Fig. 5 a SEM image and b HRTEM image of NTP-RT at the edge and c ultralong-term cycling performance at a high current density of 10 C. d, e TEM images at different magnifications. f Cycling stability and g various charge/discharge rates of NTP/C-NFs//NiHCF full cell

Fig. 5 a SEM image and b HRTEM image of NTP-RT at the edge and c ultralong-term cycling performance at a high current density of 10 C. d, e TEM images at different magnifications. f Cycling stability and g various charge/discharge rates of NTP/C-NFs//NiHCF full cell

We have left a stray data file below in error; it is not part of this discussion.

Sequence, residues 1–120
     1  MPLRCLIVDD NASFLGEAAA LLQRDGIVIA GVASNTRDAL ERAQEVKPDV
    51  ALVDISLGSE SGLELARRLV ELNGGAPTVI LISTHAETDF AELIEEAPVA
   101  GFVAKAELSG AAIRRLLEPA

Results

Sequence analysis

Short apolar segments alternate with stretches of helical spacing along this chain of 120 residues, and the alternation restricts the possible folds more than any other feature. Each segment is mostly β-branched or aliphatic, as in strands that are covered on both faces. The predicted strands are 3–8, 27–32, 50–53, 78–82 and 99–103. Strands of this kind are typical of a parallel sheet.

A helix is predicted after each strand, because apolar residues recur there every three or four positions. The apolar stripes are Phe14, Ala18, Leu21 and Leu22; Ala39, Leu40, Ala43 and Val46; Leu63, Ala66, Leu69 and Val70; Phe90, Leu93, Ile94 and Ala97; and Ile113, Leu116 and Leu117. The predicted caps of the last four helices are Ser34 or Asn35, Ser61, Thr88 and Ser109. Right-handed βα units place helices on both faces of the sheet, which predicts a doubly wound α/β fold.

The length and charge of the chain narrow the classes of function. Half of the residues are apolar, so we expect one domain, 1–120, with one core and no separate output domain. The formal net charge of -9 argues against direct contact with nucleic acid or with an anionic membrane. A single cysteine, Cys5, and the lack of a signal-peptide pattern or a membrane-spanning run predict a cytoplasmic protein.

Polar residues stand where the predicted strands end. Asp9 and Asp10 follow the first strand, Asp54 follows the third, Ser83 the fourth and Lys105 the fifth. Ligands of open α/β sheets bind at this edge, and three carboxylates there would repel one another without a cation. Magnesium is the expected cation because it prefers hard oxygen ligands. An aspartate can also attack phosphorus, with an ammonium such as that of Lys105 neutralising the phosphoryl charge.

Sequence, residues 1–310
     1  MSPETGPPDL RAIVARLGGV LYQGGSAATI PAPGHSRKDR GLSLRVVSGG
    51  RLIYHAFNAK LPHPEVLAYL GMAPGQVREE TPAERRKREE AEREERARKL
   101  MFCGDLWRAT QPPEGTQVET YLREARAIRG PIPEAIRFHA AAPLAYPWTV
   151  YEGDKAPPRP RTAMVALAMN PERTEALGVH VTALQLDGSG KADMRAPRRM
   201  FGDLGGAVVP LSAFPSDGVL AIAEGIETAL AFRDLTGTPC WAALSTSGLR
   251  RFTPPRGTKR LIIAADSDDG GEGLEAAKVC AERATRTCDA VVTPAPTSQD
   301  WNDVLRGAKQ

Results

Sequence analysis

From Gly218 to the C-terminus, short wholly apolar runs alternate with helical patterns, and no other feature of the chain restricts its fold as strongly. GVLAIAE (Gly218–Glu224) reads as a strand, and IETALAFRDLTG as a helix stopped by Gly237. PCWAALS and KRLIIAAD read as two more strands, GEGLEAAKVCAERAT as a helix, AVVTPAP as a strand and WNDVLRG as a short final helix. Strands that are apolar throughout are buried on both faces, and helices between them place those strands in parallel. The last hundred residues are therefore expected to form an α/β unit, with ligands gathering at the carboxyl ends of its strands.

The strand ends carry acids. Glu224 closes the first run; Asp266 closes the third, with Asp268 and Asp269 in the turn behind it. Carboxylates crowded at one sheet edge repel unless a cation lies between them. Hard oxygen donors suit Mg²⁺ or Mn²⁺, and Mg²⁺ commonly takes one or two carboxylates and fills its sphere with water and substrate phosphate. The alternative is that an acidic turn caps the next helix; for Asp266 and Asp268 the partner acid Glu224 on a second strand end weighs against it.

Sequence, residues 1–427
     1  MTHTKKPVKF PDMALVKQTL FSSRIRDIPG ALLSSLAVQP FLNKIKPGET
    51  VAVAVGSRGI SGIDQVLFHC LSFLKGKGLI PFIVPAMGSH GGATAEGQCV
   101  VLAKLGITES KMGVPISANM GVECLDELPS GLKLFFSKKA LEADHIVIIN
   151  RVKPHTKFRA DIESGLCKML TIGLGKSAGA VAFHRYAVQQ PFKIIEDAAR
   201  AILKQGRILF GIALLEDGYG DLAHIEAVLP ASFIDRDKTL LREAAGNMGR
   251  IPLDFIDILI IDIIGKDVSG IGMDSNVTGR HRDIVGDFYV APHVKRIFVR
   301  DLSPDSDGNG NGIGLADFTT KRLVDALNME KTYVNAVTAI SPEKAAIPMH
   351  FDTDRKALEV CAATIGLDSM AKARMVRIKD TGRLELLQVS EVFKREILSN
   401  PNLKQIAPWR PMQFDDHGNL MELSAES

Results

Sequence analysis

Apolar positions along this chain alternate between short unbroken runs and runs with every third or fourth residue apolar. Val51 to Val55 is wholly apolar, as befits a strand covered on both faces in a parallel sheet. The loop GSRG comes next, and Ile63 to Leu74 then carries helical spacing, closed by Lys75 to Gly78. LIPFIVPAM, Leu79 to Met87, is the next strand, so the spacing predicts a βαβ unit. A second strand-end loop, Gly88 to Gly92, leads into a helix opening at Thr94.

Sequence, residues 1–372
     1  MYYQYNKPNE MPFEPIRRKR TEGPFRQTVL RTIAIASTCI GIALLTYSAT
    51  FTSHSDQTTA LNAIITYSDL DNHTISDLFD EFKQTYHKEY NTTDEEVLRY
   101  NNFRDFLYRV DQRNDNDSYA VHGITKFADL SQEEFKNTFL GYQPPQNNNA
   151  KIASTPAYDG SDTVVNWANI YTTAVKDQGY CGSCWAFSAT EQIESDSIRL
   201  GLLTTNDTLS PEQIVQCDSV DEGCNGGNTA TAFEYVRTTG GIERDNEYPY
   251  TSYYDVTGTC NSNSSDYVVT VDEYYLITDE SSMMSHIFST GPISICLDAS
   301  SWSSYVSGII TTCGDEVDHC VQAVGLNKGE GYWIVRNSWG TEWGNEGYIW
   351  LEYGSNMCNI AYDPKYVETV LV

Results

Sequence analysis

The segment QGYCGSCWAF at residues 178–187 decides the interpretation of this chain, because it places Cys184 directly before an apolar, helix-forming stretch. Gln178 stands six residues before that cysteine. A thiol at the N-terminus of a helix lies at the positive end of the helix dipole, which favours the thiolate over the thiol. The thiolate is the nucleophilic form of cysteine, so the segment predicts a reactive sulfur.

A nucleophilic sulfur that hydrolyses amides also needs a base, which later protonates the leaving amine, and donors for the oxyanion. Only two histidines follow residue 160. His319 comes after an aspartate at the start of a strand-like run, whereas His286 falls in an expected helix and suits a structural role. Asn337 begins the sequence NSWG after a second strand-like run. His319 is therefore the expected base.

Embedding the NTP nanoparticles in the nanocarbon networks will considerably enhance the Na-ion/electron transfer for highly reversible and ultrafast sodium storage [80, 86-89]. For example, by using a simple soft-template method, Yu and coworkers designed an NTP/C composite with nano-sized NTP particles coated by a thinner carbon shell and interconnected by a carbon network. With the synergistic effects of a lower charge transfer resistance and a larger surface area for the electrolyte to soak in and sufficient void to buffer the volume variation during the repeated Na+ insertion/extraction, the anode materials demonstrated outstanding rate performance (108 mAh g−1 at 100 C; i.e., a discharge/charge time of 36 s) and long cycle life (83 mAh g−1 at 50 C over 6000 cycles), as well as a lower polarization and higher initial CE (ICE; e.g., ~98% at 1 C) [86]. Similar to amorphous carbon networks, carbon nanotubes are also a superior framework for enhancing Na+/e conductivity. Xu et al. fabricated a hierarchical porous nanocomposite architecture consisting of MWCNT-threaded mesoporous NTP nanocrystals for high-performance sodium electrodes. With a high ICE of 99%, high rate capability of 74 mAh g−1 at 50 C, and long-term cycling stability (74 mAh g−1 after 2000 cycles at 10 C) superior to that of the physically mixed reference composite, it provides a general hetero-assembly approach to various types of nanocomposites for high-performance SIBs [80]. Wang et al. designed a carbon-nanotube-decorated NTP/C nanocomposite with high rate performance; especially impressive is that the composite could exhibit low-temperature (−20 °C ) performance with a capacity of 65 mAh g−1 at 10 C [87]. Wei et al. fabricated porous NaTi2(PO4)3/C hierarchical nanofibers (Fig. 5d, e) via an electrospinning method followed by annealing. The NTP/CNFs as an anode for SIBs exhibited a high reversible capacity of 120 mAh g−1 at 0.2 C, high rate capability (71 mAh g−1 at 20 C), and long cycling stability similar to those of sodium-ion full cells and hybrid sodium-ion capacitors. When assembled using nickel hexacyanoferrate (NiHCF, Na4Fe(CN)6) as cathode material, it showed a high ICE of ~90% (corresponding to initial charge and discharge capacities of approximately 122 and 110 mAh g−1) and a capacity retention of ~90% after 500 cycles at 150 mA g−1 with a CE that approached 100% as well as excellent rate capabilities when operated between 0.5 and 2.5 V (Fig. 5f, g) [76]. Yu et al. prepared a similar structure of ultrafine nanoparticles encapsulated in 1D N-doped carbon nanofibers and extended the voltage window to 0-3.0 V. The poor electrical conductivity of NTP was significantly improved, and the composite demonstrated stable and ultrafast Na storage capability with a specific capacity of 121 mAh g−1 at 10 C after 2000 cycles and 105 mAh g−1 after 20,000 cycles, as well as superior rate performance from 0.2 to 20 C with a recovery efficiency of 99.4% [77].